Balfe’s affecting and haunting music shadows this action and also enhances and underlines the mystery and adds depth and emotion to the proceedings, giving the game not only powerful and at times epic sounding support but also infusing a sense of heart and tenderness to it. Largely symphonic the score relies upon driving and urgent strings, which at times become the foundation or support to thundering percussion and fierce sounding brass flourishes, there is also effective and enthralling use of female voice which has a kind of Gaelic resonance to it, the composer utilizes a sorrowful cello in a number of cues which is both heartrending and breathtaking, he further develops the more emotive side of his compositions with solo piano that is mirrored by gentle and delicate harp and a plaintive childlike sounding music box effect. This chiming or lullaby type theme is more prominent within track number six, MY IMAGINARY FRIEND, it takes the lead in the first instant, and is underlined by faint use of glockenspiel which is just touched upon, strings are introduced into the equation giving the theme a more romantic sound, with the music box sound still being performed as the strings swell and become lush and even more prominent, there is also however an atmosphere of apprehension within the cue again created by the use of the string section which seem to play slightly against the central romantic theme that is developing. Track number seven, CHILDHOOD MEMORIES is a sensitive and highly emotive piece, performed on piano, that is accompanied by viola and also underlying strings which although are heard are not in anyway overwhelming, the composer allowing the solo piano and viola pairing to shine through, making this a touching and relaxing listening experience. The score disc opens with JODIES SUITE, this runs for nearly five minutes and is a glorious introduction to the music that is to follow on the release, a wordless female vocal opens the cue, which has a definite Gaelic sound to it, strings begin to build behind the vocal, at first just a hint of them but they then start to rise as does the vocal, together they create a haunting theme that is romantic and also melancholy in its sound and style. The voice melts away and gives way to the string section which take on the theme and give it a full working accompanied by percussion rumbles and harp, the vocal returns towards the end of the cue and strings, horns, embellish and support it until it is almost soaring creating one of those goose bump moments in music.Track number two, DAWKINS SUITE, is another lengthy cue, it opens slowly with a kind of brooding feel to the proceedings, again I sensed a hint of Gaelic origins within the cue, after a slow and downbeat start the composition begins to gain pace and the composer brings into the mix percussive elements that are supported by driving strings and further enhanced by electronics, the tempo is increased with strings inventing a tense and nervous atmosphere whilst the percussion creates an upbeat but at the same time dark sounding backing track. Cue number four I feel is worth a special mention, AIDENS THEME is probably the most beautiful track on the compact disc, and I will say it is one of those moments within film music that occurs very rarely these days, as it has the ability to make this reviewer shudder with emotion as shimmering strings combine with ethereal sounding voices to fashion a stunning and inspiring crescendo, this however is just one part of the composition, the track begins with a melancholy and heartrendingly emotive cello performance that is underlined by piano and harp, this evokes an atmosphere of not only sadness but loneliness and is highly affecting and mesmerizing. The score contains a number of electronic elements, but do not let this put you off, these work well with the main orchestral components at times supporting and embellishing them as well as being utilized independently to generate tense and fearsome interludes. This is a score that I would recommend without reservation, composed by Lorne Balfe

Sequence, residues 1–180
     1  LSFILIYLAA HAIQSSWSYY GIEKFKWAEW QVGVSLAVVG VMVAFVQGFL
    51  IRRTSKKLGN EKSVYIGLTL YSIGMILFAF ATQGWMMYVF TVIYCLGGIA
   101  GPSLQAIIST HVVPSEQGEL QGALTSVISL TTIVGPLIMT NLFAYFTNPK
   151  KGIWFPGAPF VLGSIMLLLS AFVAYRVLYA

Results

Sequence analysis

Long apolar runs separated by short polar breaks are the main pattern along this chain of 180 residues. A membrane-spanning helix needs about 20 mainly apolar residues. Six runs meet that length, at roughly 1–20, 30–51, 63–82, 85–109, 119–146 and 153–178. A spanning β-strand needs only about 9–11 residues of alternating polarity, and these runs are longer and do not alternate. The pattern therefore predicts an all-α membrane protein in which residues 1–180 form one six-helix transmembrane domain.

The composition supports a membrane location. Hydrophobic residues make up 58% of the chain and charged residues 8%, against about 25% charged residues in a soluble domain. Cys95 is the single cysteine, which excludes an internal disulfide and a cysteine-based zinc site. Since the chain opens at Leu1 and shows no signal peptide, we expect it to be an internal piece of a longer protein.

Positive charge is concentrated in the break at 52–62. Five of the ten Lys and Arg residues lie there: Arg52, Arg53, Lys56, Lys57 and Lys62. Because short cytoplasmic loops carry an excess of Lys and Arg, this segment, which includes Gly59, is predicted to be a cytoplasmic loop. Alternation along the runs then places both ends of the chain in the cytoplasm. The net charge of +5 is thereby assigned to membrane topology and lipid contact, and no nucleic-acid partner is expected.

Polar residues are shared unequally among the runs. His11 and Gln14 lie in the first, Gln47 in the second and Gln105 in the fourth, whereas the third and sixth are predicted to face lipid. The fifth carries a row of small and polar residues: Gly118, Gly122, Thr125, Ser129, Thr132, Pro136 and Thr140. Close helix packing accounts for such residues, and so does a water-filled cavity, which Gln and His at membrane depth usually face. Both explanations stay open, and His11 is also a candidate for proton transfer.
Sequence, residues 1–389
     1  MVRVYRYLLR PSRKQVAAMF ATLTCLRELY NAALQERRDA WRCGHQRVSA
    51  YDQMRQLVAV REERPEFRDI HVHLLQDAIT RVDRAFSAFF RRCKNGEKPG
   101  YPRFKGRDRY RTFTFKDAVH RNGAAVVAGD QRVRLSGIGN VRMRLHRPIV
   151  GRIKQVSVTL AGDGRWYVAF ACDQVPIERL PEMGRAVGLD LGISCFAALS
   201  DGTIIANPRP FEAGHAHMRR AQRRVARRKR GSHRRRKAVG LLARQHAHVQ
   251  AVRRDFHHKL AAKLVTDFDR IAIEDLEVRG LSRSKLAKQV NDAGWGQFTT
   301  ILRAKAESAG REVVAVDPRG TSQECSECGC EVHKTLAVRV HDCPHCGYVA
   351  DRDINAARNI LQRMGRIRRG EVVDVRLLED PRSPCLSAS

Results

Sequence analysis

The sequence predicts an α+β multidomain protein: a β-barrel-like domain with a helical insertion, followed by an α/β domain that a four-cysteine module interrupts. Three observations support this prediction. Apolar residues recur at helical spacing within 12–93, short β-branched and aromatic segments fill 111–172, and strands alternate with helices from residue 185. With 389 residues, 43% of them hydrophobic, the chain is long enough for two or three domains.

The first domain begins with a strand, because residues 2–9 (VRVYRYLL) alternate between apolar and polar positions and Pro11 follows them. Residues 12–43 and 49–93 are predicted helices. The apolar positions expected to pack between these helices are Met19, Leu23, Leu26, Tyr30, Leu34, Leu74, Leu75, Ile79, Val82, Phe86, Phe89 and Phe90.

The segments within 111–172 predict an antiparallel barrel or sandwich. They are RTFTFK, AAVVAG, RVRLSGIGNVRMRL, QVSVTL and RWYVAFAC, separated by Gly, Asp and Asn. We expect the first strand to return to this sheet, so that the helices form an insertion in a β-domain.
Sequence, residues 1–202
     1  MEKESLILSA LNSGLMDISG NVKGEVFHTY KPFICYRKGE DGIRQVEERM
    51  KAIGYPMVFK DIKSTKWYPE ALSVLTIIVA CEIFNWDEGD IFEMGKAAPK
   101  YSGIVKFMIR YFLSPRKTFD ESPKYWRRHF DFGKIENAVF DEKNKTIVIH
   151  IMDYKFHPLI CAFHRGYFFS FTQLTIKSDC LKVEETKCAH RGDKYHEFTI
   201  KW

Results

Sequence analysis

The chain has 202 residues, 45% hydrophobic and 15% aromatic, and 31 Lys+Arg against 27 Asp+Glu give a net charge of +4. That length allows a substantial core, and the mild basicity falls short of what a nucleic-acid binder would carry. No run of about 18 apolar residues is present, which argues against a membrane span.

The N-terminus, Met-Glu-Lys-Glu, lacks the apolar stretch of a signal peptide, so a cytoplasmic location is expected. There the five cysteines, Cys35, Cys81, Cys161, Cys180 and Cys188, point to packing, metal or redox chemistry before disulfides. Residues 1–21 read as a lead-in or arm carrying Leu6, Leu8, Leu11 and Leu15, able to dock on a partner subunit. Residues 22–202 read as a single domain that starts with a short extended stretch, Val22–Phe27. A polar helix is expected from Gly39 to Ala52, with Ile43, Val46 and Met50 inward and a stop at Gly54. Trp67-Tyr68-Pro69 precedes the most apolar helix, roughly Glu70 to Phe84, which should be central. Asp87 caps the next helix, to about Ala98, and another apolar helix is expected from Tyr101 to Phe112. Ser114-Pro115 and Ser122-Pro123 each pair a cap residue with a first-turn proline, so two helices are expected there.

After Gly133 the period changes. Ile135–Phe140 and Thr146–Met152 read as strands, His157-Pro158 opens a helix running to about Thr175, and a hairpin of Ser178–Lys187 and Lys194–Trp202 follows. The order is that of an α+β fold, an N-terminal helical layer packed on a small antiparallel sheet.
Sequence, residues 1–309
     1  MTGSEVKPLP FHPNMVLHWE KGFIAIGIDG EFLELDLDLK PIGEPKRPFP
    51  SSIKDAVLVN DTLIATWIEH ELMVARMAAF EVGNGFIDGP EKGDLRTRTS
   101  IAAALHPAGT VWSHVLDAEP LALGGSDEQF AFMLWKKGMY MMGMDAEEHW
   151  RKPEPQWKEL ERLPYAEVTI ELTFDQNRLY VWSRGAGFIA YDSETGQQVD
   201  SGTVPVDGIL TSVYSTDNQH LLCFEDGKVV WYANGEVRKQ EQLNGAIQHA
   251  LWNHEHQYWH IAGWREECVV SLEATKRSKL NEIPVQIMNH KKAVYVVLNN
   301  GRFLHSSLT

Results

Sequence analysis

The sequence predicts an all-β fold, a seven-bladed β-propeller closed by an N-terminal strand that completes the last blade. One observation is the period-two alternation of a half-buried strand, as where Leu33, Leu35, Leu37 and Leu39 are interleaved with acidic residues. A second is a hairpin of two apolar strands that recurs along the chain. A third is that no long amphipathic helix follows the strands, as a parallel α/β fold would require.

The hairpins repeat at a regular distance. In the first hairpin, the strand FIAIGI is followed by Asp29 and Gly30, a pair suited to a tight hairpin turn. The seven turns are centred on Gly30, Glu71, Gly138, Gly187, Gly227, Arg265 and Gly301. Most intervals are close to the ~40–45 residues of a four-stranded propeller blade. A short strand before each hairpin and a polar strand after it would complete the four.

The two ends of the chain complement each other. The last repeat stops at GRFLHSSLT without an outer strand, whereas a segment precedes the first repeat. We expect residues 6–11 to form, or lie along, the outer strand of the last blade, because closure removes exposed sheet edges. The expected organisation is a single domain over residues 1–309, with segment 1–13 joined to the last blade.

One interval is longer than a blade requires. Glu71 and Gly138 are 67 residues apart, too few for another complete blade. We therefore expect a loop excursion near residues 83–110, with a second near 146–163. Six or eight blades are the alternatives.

with the production side of things being supervised by the ever present Hans Zimmer
. Go and buy it…….
Read other recent reviews by John Mansell: 50 to 1
, Il Mercenario